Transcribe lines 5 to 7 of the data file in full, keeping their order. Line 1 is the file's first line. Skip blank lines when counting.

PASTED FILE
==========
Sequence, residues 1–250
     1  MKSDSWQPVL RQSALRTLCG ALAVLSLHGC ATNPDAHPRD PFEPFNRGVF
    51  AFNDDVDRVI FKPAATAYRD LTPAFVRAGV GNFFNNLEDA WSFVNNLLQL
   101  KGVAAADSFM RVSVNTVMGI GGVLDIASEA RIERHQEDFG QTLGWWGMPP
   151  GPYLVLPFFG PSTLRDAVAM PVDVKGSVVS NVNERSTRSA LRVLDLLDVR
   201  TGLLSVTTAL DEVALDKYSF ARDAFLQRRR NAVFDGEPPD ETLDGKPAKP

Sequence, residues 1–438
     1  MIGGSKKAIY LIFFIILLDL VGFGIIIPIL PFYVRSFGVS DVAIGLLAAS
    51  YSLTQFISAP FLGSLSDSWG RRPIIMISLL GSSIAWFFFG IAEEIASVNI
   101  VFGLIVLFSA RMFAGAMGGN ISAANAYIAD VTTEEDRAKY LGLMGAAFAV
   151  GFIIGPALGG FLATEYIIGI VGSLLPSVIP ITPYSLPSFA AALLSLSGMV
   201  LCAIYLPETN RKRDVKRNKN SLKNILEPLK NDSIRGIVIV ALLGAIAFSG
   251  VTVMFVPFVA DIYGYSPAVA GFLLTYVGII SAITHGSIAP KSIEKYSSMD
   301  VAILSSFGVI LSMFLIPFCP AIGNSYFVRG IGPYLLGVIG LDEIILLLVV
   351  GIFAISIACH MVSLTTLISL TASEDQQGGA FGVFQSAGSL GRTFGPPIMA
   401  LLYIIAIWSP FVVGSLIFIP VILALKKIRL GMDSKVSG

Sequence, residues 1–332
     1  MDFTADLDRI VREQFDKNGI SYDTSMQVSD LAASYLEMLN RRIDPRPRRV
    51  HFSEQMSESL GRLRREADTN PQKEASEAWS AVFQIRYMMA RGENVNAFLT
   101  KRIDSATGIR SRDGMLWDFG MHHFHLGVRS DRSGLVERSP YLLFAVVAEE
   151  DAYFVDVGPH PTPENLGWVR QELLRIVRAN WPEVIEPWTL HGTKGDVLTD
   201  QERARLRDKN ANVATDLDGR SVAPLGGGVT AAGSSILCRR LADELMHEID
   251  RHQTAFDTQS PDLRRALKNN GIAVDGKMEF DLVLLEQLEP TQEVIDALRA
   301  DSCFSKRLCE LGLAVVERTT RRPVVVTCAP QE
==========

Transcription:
   151  GPYLVLPFFG PSTLRDAVAM PVDVKGSVVS NVNERSTRSA LRVLDLLDVR
   201  TGLLSVTTAL DEVALDKYSF ARDAFLQRRR NAVFDGEPPD ETLDGKPAKP

Sequence, residues 1–438